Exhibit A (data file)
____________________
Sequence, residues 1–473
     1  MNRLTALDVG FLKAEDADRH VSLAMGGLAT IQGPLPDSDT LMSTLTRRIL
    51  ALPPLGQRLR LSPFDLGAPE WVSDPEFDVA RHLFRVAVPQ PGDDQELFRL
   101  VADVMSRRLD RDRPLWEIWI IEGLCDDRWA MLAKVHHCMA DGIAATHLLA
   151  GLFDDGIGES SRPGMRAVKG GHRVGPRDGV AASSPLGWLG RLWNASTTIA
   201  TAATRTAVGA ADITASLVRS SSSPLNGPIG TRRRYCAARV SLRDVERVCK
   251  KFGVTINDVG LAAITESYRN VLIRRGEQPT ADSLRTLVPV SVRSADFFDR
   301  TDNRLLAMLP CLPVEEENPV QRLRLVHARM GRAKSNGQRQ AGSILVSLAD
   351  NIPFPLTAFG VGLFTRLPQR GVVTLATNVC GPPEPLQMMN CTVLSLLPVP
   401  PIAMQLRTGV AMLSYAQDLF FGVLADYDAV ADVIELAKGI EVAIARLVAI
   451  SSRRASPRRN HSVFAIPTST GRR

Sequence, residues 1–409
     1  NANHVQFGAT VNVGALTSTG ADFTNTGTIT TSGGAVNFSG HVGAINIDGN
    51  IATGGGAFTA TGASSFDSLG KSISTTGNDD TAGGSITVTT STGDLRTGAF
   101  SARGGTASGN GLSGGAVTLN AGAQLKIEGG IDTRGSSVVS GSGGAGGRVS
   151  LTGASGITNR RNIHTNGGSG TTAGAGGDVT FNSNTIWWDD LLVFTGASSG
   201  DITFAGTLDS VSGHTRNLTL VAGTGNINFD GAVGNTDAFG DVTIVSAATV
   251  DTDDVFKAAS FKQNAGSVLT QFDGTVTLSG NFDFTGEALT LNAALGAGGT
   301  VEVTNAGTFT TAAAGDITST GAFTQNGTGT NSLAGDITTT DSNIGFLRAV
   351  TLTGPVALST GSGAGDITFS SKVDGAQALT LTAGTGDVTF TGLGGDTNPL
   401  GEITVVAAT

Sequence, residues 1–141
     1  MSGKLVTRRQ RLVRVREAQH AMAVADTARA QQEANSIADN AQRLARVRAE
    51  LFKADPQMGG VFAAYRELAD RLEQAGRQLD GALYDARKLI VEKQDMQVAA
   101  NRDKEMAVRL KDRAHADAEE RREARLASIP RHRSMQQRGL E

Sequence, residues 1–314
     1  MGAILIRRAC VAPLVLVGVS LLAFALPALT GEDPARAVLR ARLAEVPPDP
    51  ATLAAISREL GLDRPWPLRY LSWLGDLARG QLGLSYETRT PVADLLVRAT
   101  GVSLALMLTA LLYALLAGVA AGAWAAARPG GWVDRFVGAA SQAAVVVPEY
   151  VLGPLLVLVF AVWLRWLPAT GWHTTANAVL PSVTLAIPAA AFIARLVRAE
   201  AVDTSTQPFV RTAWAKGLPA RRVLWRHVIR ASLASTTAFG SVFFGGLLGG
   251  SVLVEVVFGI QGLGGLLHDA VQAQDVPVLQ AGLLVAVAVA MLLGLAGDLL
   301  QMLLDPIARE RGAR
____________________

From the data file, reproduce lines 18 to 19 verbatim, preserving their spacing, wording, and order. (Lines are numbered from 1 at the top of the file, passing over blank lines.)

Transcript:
   251  DTDDVFKAAS FKQNAGSVLT QFDGTVTLSG NFDFTGEALT LNAALGAGGT
   301  VEVTNAGTFT TAAAGDITST GAFTQNGTGT NSLAGDITTT DSNIGFLRAV